Can anyone but a mother and child really determine the right amount of time a child should nurse? While the World Health Organization recommends nursing until at least age 2, and longer if the child and mother benefit, I have the sense that my daughter is not the only one who is quick to judge.
Yet, we don’t see many women breastfeeding in general (less than 14 percent of women in the U.S. exclusively breastfed through just 6 months of age in 2006), so when we see anyone nursing, it surprises us. And the older the child gets, the more unusual it is, and the more weird.
In my experience nursing, however, the longer a woman nurses, the more natural it seems to simply lift a shirt and feed a youngster when they need milk or comfort. Yet while many mothers become increasingly accustomed to this behavior, it seems as though society becomes less comfortable.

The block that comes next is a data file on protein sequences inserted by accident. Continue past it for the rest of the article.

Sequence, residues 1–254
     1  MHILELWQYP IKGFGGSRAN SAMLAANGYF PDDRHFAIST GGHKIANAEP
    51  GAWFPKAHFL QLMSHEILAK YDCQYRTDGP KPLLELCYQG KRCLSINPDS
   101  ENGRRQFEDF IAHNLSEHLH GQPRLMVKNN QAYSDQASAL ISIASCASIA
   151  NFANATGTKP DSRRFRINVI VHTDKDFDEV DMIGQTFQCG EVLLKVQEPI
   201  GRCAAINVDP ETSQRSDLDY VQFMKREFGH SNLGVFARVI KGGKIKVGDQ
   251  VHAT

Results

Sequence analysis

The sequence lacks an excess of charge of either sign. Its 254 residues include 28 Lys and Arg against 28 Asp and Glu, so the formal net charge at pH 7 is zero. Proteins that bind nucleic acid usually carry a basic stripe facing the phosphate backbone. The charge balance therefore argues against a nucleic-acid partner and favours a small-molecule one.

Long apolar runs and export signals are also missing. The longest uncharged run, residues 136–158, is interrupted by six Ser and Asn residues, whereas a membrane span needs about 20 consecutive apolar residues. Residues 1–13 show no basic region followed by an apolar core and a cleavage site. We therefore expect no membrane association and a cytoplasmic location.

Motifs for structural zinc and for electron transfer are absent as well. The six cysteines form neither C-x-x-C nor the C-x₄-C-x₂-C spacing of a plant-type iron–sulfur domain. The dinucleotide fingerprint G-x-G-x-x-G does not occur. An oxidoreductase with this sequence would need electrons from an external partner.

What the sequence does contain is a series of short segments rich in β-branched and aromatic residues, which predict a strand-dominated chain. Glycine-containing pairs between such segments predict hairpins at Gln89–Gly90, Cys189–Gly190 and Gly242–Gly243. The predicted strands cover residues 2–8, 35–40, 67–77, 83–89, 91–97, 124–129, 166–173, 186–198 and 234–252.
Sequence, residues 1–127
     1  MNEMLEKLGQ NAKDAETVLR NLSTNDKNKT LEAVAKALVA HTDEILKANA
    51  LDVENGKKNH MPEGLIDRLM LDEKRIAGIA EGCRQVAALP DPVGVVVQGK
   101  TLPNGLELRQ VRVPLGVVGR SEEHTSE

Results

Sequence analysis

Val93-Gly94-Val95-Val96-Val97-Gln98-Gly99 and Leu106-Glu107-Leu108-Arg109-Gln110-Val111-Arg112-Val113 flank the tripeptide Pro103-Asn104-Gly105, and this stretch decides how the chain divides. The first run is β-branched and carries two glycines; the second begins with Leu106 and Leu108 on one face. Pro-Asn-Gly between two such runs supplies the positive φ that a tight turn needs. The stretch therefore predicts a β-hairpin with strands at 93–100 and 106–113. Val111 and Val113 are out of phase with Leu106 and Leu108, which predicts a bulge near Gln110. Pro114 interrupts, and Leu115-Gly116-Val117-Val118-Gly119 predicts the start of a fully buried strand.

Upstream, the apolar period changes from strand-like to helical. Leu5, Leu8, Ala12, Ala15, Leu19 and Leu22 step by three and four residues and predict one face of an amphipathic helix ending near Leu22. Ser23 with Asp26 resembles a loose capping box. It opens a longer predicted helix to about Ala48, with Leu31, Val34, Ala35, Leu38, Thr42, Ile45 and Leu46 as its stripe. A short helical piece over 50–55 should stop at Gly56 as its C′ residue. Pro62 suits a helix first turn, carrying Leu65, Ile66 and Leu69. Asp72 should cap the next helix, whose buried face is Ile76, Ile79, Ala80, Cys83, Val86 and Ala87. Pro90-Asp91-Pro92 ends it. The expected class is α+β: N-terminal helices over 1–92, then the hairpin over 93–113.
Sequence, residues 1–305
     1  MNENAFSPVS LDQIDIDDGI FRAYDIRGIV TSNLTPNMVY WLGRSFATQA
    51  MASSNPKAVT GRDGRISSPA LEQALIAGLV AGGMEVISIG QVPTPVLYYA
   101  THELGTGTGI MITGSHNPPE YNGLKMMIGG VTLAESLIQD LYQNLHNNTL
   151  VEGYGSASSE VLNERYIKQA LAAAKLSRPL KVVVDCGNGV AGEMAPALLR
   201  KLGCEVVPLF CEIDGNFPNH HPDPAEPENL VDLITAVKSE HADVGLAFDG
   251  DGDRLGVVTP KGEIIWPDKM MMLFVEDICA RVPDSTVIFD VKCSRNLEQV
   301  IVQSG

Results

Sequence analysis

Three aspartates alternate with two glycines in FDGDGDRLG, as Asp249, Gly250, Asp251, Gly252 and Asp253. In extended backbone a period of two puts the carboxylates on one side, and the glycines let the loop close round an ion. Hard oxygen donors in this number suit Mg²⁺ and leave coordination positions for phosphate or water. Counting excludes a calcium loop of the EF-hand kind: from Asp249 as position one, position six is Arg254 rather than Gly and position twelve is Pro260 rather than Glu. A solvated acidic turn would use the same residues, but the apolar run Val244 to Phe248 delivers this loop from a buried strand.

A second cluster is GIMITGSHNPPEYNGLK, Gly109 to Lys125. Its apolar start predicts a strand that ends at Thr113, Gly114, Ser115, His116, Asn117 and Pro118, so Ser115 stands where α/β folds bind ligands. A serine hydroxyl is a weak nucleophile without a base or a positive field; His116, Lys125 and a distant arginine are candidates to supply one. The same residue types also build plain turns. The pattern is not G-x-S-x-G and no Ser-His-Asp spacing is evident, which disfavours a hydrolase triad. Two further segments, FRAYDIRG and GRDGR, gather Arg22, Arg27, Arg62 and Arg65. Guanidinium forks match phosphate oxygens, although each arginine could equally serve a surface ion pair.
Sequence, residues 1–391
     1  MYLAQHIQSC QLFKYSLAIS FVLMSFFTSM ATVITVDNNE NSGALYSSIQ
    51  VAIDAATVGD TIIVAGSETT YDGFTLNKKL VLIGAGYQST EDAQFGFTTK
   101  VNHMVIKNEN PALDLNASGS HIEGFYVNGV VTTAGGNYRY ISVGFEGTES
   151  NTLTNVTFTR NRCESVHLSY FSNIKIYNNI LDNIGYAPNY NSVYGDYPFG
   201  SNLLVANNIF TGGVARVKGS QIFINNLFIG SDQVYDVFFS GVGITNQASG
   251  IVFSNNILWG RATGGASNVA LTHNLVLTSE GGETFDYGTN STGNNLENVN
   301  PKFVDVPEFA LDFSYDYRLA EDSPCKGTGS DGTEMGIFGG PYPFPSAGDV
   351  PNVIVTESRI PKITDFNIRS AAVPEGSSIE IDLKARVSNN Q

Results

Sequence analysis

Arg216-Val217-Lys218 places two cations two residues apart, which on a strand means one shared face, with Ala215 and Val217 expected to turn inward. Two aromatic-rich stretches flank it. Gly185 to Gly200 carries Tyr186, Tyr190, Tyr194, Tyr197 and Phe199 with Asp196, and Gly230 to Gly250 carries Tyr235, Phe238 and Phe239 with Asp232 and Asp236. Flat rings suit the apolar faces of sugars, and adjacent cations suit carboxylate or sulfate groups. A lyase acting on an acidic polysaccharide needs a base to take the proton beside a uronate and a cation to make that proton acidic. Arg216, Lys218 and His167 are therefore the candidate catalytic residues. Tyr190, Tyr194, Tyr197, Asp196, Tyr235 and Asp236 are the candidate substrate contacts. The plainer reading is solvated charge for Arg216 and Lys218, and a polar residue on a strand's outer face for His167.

Extended nursing has been a natural part of child-raising in the past, and is even common in certain other parts of the world. Mothering Magazine published a fascinating article written by a Canadian mother living with her toddler in Mongolia (breastfeeding rate of nearly 60 percent at 6-9 months). She described how she initially differed from her Mongolian peers during playgroups. When an argument broke out and her son was upset, she would try to distract him or talk out the problem. She reported that this approach succeeded in calming him only half the time.